You can click on the following link to see some of the many organizations that have already signed the Universal Declaration of Animal Rights, including PETA Europe, In Defense of Animals, Compassion in World Farming, VIVA!, Animals Voice, Bite Back, The European Vegetarian Union, and The Sea Shepherd Conservation Society: http://www.uncaged.co.uk/signers.htm.
You can also read a report on actions from around the world in celebration of IARD 2006 (and previous years) here: http://www.uncaged.co.uk/iard.htm#2006.
Below, you can read some of the sign slogans we will be using on Saturday. (Here are a few pictures of what the signs actually look like: http://www.kodakgallery.com/I.jsp?c=18l4l0x0.9grj7q68&x=0&y=-99aqht .)
"In 1968, I became vegetarian after realizing that animals feel afraid, cold, hungry, and unhappy like we do....It was my dog Boycott who led me to question the right of humans to eat other sentient beings." --Cesar Chavez, farm labor activist
"The animals of the world exist for their own reasons. They were not made for humans any more than black people were made for white, or women created for men." --Alice Walker, Pulitzer Prize-winning author of The Color Purple
"When nonvegetarians say that 'human problems come first,' I cannot help wondering what exactly it is that they are doing for humans that compels them to continue to support the wasteful, ruthless exploitation of farm animals." --Philosopher Peter Singer in Animal Liberation
Since we can live healthfully and happily without animal products, we should all be vegan.
The animal rights position is the ultimate rejection of violence, and the ultimate affirmation of peace, love, and justice!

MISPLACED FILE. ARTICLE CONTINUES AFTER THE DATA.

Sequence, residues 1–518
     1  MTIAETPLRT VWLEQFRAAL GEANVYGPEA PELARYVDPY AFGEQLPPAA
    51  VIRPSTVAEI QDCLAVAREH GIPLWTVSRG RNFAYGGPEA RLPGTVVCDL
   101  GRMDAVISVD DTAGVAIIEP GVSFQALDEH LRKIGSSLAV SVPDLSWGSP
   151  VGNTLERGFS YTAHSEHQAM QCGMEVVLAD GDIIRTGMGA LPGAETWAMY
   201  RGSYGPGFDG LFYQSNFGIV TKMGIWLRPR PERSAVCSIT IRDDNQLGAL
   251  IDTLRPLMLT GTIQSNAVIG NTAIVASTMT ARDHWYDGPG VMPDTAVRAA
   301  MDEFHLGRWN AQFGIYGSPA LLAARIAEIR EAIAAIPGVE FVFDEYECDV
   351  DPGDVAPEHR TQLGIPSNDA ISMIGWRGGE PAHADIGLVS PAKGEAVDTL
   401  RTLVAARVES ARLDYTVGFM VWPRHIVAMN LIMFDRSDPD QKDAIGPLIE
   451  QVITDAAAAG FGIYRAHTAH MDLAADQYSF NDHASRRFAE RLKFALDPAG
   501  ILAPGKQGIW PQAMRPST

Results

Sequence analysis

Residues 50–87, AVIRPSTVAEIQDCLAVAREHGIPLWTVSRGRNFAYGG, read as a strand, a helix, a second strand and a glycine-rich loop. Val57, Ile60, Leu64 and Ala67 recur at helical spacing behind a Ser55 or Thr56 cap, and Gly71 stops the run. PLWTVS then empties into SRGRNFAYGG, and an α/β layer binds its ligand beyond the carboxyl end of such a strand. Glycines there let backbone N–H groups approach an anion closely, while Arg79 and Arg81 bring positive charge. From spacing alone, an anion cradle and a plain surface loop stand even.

What animal would choose to live their life in captivity, if given the choice?
Speciesism is a prejudice in favor of one's own species and against members of other species. Speciesism is as intolerable as racism or sexism.
We have outlawed the slavery of humans. Now we should outlaw the slavery of animals.
Stop the killing! Animals are NOT ours to eat!
you are not familiar with why an International Animal Rights Day or a
Universal Declaration of Animal Rights is needed, or if you can use
some inspiration to do something about the tragic cruelty that you know
exists, please consider watching the following videos:
1) Earthlings. This feature-length video about the relationship between human animals and non-human animals is one of the most compelling animal rights movies in existence. If nothing else, just check out the mesmerizing sequence that opens the film. Narrated by academy award-winning actor Joaquin Phoenix; soundtrack by Moby. You can watch it here: http://video.google.com/videoplay?docid=-1282796533661048967&q=earthlings&subtitle=on&pr=goog-sl .
2) You may be interested to watch some of Harold Brown's remarks at the 2007 Animal Rights Conference. Farmer Brown, as he is popularly known, was raised on a cattle farm in Michigan and spent half of his life in agriculture. As Outreach Coordinator for Farm Sanctuary, Harold coordinates a campaign to encourage farmers to adopt sustainable farming practices, and he hosts the AskFarmerBrown.org website. He also appears in the documentary, Peaceable Kingdom, where he tells the powerful story of his transformation from "beef"farmer to vegan farm animal advocate. Here's the link to this 11-minute segment: www.youtube.com/watch?v=A4wOYa-z9Vk. (At the beginning of the video, you will hear the somewhat distracting moaning of an audience member with special needs. This stops a little way into the talk.)